Chapter 6
Digital Modulation
From
Introduction to Communication Systems
Copyright by Upamanyu Madhow, 20082010
+1
BittoSymbol Map
0
+1
1
1
...
Pulse
Modulation
...0110100...
...
+1
1
1
+1
T
Symbol interval
1
+1
Figure 6.1: Running example: Binary antipodal signaling using a timelimited pulse.
Digital modulation is the process of translating bits to analog waveforms that can be sent over
a physical channel. Figure 6.1 shows an example of a baseband digitally modulated waveform,
where bits that take values in
{
0
,
1
}
are mapped to symbols in
{
+1
,
−
1
}
, which are then used
to modulate translates of a rectangular pulse, where the translation corresponding to successive
symbols is the symbol interval
T
. The modulated waveform can be represented as
u
(
t
) =
summationdisplay
n
b
[
n
]
p
(
t
−
nT
)
(6.1)
where
{
b
[
n
]
}
is a sequence of
symbols
in
{−
1
,
+1
}
, and
p
(
t
) is the
modulating pulse.
This
is an example of a widely used form of digital modulation termed
linear modulation,
where
the transmitted signal depends linearly on the symbols to be sent.
Our treatment of linear
modulation in this chapter generalizes this example in several ways. The modulated signal in
Figure 6.1 is a baseband signal, but what if we are constrained to use a passband channel (e.g., a
wireless cellular system operating at 900 MHz)? One way to handle this to simply translate this
baseband waveform to passband by upconversion; that is, send
u
p
(
t
) =
u
(
t
) cos 2
πf
c
t
, where the
carrier frequency
f
c
lies in the desired frequency band. However, what if the frequency occupancy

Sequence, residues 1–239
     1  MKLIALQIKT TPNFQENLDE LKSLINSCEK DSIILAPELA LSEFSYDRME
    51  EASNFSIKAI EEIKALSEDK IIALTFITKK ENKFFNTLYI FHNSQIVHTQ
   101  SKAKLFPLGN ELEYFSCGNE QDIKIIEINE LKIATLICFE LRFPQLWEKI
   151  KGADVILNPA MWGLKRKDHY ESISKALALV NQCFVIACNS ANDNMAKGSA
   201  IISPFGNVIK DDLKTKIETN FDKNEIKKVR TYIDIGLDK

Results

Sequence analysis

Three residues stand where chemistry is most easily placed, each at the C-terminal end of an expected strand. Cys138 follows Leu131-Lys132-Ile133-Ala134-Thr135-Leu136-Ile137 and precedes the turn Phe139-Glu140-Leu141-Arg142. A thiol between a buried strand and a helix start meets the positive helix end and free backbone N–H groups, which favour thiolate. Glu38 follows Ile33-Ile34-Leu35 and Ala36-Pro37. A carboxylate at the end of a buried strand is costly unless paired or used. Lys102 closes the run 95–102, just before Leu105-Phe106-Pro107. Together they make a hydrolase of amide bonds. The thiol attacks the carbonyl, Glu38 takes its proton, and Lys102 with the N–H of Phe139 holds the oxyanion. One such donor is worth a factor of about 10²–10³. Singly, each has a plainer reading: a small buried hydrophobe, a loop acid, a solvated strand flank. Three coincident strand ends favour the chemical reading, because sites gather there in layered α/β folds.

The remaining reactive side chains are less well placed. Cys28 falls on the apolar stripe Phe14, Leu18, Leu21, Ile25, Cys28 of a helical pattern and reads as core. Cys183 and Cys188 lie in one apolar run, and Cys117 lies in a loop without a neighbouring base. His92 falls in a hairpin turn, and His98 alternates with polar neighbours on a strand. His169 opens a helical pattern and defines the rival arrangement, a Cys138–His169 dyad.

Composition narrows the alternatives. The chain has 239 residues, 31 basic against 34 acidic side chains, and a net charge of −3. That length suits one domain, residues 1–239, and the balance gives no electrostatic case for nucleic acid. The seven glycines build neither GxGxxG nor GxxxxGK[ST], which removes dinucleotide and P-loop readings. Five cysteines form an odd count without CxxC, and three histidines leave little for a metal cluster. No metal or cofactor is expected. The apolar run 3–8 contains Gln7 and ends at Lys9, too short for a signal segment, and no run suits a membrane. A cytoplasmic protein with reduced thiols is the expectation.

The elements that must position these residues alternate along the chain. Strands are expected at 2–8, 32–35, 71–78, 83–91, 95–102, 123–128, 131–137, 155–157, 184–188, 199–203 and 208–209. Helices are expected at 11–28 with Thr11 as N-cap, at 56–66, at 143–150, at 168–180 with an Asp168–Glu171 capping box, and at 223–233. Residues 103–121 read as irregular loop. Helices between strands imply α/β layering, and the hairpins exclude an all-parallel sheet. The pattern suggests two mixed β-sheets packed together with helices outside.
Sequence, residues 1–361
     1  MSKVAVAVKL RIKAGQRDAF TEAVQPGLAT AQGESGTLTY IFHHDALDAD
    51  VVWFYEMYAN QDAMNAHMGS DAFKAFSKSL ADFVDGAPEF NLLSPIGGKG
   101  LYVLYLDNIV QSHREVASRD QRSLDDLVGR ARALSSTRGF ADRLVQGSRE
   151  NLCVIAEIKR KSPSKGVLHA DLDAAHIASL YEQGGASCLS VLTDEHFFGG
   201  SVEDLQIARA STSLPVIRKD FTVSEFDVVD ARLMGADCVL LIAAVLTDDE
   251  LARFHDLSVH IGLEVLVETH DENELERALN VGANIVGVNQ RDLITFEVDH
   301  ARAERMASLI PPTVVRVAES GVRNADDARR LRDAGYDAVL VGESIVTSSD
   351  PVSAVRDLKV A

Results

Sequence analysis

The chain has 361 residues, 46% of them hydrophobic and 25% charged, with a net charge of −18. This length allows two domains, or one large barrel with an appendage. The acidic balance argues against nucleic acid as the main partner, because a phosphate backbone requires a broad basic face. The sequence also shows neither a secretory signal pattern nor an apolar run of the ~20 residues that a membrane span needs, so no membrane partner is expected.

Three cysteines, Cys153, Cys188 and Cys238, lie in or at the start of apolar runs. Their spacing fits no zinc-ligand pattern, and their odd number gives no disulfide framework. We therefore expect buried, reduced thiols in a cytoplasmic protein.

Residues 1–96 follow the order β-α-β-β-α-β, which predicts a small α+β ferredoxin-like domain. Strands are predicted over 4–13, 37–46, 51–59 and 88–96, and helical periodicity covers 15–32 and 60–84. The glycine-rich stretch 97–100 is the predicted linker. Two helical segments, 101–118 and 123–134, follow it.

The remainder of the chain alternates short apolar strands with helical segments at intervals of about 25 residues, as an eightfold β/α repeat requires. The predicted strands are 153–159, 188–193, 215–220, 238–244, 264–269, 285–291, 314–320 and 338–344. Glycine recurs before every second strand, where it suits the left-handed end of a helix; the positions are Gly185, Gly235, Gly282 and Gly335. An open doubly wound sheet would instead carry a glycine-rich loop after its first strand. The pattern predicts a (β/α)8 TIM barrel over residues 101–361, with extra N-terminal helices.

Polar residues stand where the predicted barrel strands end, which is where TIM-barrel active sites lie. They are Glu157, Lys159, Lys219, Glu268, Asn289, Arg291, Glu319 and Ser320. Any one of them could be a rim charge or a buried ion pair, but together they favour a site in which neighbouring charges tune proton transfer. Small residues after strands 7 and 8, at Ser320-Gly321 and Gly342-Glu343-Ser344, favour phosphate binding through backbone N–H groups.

of the passband signal is strictly constrained? (Such constraints are often the result of guidelines
from standards or regulatory bodies, and serve to limit interference between users operating in
adjacent channels.)
Clearly, the timelimited modulation pulse used in Figure 6.1 spreads out
significantly in frequency. We must therefore learn to work with modulation pulses which are
better constrained in frequency.
We may also wish to send information on both the I and Q
1
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components. Finally, we may wish to pack in more bits per symbol; for example, we could send
2 bits per symbol by using 4 levels, say
{±
1
,
±
3
}
.
Plan:
We first develop an understanding of the structure of linearly modulated signals, using the
binary modulation in Figure 6.1 to lead into variants of this example corresponding to different
signaling constellations which can be used for baseband and passband channels. We discuss how
to quantify the bandwidth of linearly modulated signals by computing the power spectral density.
Since the receiver does not know the bits being sent, they can be modeled as random, which
implies that the modulated signal is a random process. We compute the power spectral density for
this random process in order to determine how bandwidth depends on the choice of modulation
pulse and the statistics of the transmitted symbols. With these basic insights in place, we turn
to a discussion of modulation for bandlimited channels, treating signaling over baseband and
passband channels in a unified framework using the complex baseband representation. We note,
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 Fall '08
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 Bandwidth, pulse, sinc Pulse

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